End of IS means its fighters' return to Europe

The Iraqi Prime Minister announced the end of the Islamic State on 29 June after the Iraqi forces captured the Mosque of al-Nuri in Mosul. There are thousands of Europeans fighting for the Islamic State, and due to the organisation's territorial losses and military failures, there is a danger of a return of its fighters to Europe. It can be assumed that at least a minority of returnees will be motivated to further collaborate with the IS, recruit new members, act as sleeping cells or plan terrorist attacks. Such attacks are unlikely to be like the attacks of recent lone actors – the attacks will be more sophisticated, carefully planned, and their prevention will place high demands on capabilities of secret services.

The reasons for the return of jihadists to Europe increasing amid territorial losses of the so-called Islamic State (IS) in Iraq and Syria. The decrease of the organisation's prestige and the fighters' illusions about the holy war creates demotivation. Falling financial income of the organisation prevents the organisation from rewarding its fighters as their total incomes reduced by more than half since 2014. Due to changes in its tactics – a dispersion into smaller cells and a larger focus on foreign terror – a portion of the fighters also return to Europe, where they can recruit new members, plan attacks, or act as sleeper cells.

Around 5,000 Europeans currently fight abroad in the name of the IS. They are mostly younger people coming from Muslim communities. They often may be individuals of the so-called second-generation immigrants, whose socio-economic conditions, or difficult labour market situations and subsequent frustration, lead to them being easily manipulated and falling prey to Islamic radicalisation.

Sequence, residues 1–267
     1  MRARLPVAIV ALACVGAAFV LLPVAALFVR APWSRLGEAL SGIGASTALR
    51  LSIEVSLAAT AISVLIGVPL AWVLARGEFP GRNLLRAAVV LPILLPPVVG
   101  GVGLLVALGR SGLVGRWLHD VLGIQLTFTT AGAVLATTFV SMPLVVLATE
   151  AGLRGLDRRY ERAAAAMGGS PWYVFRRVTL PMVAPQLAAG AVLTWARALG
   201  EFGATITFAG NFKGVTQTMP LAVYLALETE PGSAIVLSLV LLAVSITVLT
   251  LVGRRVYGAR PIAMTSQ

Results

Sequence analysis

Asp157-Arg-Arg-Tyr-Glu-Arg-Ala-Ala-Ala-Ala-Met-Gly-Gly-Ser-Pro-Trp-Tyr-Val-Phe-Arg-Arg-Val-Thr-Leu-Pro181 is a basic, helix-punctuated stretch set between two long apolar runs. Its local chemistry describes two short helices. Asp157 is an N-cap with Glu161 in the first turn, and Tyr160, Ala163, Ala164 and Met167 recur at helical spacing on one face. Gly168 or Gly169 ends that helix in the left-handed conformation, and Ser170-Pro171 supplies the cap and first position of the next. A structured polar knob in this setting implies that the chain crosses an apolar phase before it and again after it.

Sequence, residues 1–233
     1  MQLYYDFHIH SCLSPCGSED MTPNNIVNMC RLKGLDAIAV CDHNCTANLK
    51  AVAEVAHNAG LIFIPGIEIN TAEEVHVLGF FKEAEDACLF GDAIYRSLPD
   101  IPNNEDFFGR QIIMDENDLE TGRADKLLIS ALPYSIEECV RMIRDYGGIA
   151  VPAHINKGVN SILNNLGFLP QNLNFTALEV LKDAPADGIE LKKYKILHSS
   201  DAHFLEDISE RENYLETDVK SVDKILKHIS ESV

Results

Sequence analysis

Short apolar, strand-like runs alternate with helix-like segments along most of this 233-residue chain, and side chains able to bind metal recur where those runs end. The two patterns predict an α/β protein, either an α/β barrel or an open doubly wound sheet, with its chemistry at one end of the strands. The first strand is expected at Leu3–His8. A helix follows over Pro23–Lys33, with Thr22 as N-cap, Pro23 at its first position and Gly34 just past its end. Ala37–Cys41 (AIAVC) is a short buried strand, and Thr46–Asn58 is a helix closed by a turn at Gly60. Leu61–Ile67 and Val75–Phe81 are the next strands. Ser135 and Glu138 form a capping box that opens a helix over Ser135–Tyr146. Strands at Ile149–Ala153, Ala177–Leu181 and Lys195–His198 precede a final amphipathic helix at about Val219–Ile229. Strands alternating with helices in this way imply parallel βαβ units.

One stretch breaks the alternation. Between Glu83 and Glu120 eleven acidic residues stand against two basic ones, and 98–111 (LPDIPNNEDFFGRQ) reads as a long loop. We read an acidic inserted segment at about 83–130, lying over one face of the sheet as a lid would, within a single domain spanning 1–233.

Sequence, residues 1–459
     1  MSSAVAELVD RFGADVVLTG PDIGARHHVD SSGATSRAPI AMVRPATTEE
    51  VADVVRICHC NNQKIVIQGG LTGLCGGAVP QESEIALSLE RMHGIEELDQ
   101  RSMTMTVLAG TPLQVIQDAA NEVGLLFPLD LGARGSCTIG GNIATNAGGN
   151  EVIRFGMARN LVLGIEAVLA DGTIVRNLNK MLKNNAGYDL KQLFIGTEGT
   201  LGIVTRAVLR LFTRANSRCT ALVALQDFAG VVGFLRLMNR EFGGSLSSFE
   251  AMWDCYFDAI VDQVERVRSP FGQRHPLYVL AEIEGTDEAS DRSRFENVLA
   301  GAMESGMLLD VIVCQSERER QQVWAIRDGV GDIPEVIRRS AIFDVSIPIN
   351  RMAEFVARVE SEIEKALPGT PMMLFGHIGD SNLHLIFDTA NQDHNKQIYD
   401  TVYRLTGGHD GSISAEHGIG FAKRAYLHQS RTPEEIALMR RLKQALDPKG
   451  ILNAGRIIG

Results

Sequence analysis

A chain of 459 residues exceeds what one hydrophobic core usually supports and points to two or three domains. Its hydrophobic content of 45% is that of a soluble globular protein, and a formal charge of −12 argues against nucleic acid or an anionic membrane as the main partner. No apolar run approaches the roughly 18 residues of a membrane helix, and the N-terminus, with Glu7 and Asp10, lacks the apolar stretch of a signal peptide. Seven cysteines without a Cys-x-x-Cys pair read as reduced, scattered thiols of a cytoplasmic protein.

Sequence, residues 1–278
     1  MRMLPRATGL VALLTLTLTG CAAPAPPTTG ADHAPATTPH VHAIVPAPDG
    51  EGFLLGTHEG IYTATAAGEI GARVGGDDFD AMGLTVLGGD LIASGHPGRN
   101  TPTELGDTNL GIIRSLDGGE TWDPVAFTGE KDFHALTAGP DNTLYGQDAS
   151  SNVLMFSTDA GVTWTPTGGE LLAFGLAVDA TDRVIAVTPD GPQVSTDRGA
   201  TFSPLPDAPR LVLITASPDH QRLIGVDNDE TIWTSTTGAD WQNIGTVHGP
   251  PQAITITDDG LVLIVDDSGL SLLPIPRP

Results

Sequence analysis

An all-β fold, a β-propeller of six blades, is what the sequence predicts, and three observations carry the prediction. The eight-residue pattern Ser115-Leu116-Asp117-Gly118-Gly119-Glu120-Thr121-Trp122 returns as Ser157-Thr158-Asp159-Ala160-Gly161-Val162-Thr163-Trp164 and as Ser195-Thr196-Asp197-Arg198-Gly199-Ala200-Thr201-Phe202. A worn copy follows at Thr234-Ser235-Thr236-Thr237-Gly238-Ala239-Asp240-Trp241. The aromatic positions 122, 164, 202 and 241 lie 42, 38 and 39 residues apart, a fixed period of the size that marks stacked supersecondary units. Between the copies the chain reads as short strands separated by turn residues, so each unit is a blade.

Although the majority of the returning fighters likely plan to resume their previous "normal" lives, they still pose a security threat. Even then it must be assumed that the motivation for the return of at least a small portion of the fighters is to plan terror in Europe. Furthermore, there is a danger of radicalisation of those who again became motivated to wage war against the West after returning and being harshly persecuted by their country.

"It must be assumed that the motivation for the return of at least a small portion of the fighters is to plan terror in Europe."

The risks associated with former IS fighters are high because of the training they have undergone and the real battle experience they have. A wide network of their contacts also plays a large role. Returning fighters who cooperate with the IS will however likely serve as attack planners and the attacks themselves will be carried on by newly recruited radicals. The recruitment of new jihadists, therefore, poses another risk of returning fighters to their Muslim communities. Terrorist attacks being targeted on so-called soft targets is also a problem because the attackers try to hit as many people as possible. The terrorist attacks from Nice and Manchester show that terrorists are not concentrating exclusively on large cities, which further increases the impossibility of protecting all potential targets effectively.

Prevention

Preventing attacks is considerably difficult, especially in the cases of returnees who have returned to Europe unnoticed. The key issue then is the question of their country's approach to their return and the measures taken. These may include reintegration programs or tougher measures such as detainment or loss of citizenship. However, a common problem is a lack of evidence of terrorist activities abroad.